Chamber Hails EU Proposal to Label Natural Gas as Green Energy
By Adedapo Adesanya
The African Energy Chamber has hailed the European Union’s landmark proposal to label natural gas as a green energy source.
The group noted that the proposal will help advance Africa’s call for a just and inclusive energy transition.
Recognizing the effects of climate change, the continent industrialize itself first so it can have the same opportunities as Europe and other western countries.
“The point that natural gas serves as a transitional energy source is one that has been promoted by African nations for a long time and therefore, the African Energy Chamber hails the EU’s proposal as a landmark development that justifies a positive outlook for an inclusive energy transition.
“It has taken a crisis in energy availability to bring about policies that could increase Africa’s energy supply. The current pressure from The West to acclimatize to cleaner energy systems has so far been exclusive in recognizing that the transition may differ in form and timing from one region to another.
“By restricting investment into energy sources, such as gas, Africa has stood the chance of being left behind during the energy transition, which is counterproductive and regressive,” the group stated.
Speaking on this, Mr NJ Ayuk, Executive Chairman of the African Energy Chamber noted, “We have had our disagreements with our European friends, however, there has always been constructive, behind-the-scenes dialogue with European policymakers. They listened, worked, and let us make the case for Africa’s low-carbon LNG and these discussions have been critical in getting us to see eye-to-eye on gas, a lot of work still needs to be done to make this a reality.
“The demonization of Africa’s gas industry needs to stop, and investments need to come into the sector. While we continue this engagement, it is important that the oil and gas industry focuses its investment on further reducing carbon emissions within the gas value chain.
“Sustainable development and making energy poverty history will require Africa to increase gas within its energy mix, which will give us a fighting chance to reduce the continent’s carbon footprint, even when we are still under 4 per cent of global emissions.”
The Chamber put forth that Africa faces unique challenges and must be allowed to time its own energy transition according to its own needs, adding that the proposal to label natural gas as green energy is what a just energy transition looks like, and now, we need to finance it.
It also called for a collaboration between both continents towards paving the way for a new approach to Africa’s energy industry, one that serves the whole world and all its people as opposed to a privileged few.
Should most EU members back the proposal, then it will become law from 2023, which the African Energy Chamber hopes will stand to help the United States recognize natural gas as a clean fuel, which it, unfortunately, does not under the Biden Administration’s current clean power plans.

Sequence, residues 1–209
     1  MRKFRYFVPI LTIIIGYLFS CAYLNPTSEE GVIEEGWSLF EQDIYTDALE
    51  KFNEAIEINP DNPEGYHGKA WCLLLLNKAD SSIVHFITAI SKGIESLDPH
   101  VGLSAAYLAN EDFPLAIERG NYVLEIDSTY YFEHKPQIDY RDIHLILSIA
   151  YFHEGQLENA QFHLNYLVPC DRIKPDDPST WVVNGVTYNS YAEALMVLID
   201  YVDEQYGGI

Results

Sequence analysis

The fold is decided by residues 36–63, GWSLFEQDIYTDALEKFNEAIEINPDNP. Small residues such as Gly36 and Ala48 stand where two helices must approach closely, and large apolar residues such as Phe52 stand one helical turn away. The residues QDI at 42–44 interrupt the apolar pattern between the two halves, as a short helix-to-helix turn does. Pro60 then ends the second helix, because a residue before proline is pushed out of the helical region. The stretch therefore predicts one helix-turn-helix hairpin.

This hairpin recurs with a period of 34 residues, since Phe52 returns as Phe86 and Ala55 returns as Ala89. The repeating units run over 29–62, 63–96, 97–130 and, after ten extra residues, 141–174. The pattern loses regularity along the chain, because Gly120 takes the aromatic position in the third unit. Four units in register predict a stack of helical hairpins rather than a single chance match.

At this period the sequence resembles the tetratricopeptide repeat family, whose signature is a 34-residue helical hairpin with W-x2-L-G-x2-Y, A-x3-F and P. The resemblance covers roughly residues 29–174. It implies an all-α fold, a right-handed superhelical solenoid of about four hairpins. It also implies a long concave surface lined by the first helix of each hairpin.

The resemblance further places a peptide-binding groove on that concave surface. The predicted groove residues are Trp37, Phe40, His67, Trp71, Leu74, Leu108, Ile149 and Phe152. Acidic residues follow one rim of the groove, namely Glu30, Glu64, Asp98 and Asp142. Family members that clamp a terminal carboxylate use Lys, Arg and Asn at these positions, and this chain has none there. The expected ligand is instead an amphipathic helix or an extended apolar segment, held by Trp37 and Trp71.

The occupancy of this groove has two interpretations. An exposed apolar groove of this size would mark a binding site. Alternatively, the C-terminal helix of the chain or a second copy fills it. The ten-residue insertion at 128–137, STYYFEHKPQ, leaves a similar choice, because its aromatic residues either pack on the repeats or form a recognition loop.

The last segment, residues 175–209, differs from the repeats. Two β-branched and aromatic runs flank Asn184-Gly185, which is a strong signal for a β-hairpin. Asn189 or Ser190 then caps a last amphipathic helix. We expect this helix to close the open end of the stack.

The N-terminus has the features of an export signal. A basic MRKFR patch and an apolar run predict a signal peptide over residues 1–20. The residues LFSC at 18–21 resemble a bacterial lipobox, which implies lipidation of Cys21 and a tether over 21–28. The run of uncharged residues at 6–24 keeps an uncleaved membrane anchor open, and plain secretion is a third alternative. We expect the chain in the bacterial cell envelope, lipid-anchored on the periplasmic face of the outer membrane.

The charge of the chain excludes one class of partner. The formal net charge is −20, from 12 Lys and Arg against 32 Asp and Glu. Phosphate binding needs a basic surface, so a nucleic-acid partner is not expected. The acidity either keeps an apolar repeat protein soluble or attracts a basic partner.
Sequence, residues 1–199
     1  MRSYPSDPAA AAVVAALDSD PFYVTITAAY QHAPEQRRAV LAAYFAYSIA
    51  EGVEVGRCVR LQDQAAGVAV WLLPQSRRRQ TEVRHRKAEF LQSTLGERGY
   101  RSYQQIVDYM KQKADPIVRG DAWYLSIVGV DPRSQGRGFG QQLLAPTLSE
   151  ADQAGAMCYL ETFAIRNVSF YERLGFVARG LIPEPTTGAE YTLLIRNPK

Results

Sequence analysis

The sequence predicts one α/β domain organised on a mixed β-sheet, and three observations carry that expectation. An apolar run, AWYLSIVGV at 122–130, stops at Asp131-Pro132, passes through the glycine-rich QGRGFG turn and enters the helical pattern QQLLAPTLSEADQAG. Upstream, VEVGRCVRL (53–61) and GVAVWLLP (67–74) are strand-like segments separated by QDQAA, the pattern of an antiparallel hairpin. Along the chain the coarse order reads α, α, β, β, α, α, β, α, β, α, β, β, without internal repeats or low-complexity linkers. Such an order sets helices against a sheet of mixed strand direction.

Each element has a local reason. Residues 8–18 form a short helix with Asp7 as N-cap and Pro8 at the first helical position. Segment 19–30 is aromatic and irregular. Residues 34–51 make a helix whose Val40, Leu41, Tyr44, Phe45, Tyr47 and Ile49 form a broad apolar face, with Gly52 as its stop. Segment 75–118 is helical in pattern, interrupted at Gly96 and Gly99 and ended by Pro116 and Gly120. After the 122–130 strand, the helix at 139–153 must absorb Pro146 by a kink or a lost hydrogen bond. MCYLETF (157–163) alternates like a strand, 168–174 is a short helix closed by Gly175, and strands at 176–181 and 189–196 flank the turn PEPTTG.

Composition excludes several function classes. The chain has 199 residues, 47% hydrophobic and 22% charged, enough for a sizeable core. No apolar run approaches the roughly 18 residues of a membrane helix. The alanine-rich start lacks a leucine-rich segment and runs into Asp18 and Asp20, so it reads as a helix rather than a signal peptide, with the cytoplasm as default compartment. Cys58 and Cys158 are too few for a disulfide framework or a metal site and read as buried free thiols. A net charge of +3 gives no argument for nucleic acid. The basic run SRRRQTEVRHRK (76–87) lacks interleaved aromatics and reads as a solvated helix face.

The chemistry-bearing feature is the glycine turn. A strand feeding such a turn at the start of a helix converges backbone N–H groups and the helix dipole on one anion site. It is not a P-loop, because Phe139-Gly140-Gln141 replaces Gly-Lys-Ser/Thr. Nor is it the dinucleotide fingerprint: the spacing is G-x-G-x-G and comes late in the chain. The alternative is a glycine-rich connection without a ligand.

“Despite predictions that demand for African LNG is expected to grow for the foreseeable future, investments in gas exploration have been hit hard by a short-sighted bias against our low-carbon natural gas resources. This has led to a reluctance towards investing in supply projects because of the fractured global outlook towards natural gas.
“African nations must be more pragmatic. If exploration and production companies must wait one or two years before their proposed projects are sanctioned, then the prospects for a sustainable African energy future will diminish rapidly. These practices, which help protect the interests of oil-producing nations, made sense when crude sold for $100 per barrel and before the energy transition took centre stage, but they don’t make sense now,” explained Mr Ayuk.
To capitalize on this, the African Green Energy Summit, to be held at African Energy Week this year, will clearly outline initiatives and positions ahead of this year’s COP27.
This new proposal will pave the way for new European investments in natural gas in Africa and will therefore allow Europe to unlock billions of euros in finance and sustainable energy funds to support gas as a transitional energy source.
The EU will want to import whatever natural gas Africa develops, which is constructive for project funding and will open doors to have candid discussions about furthering energy availability across the continent.
Some countries, like Senegal, Mozambique, South Africa, Tanzania, Nigeria, Angola, Ghana, Mauritania, Libya, Cameroon, Algeria, and Equatorial Guinea, have taken steps to monetize their natural resources to develop and industrialize independently.
By using natural gas as a feedstock to create other value-added products, like petrochemicals, from fertilizers to ammonia, revenue can be used to build infrastructure, from pipelines to ports and roadways, it will open the doors to economic diversification for other African countries as well.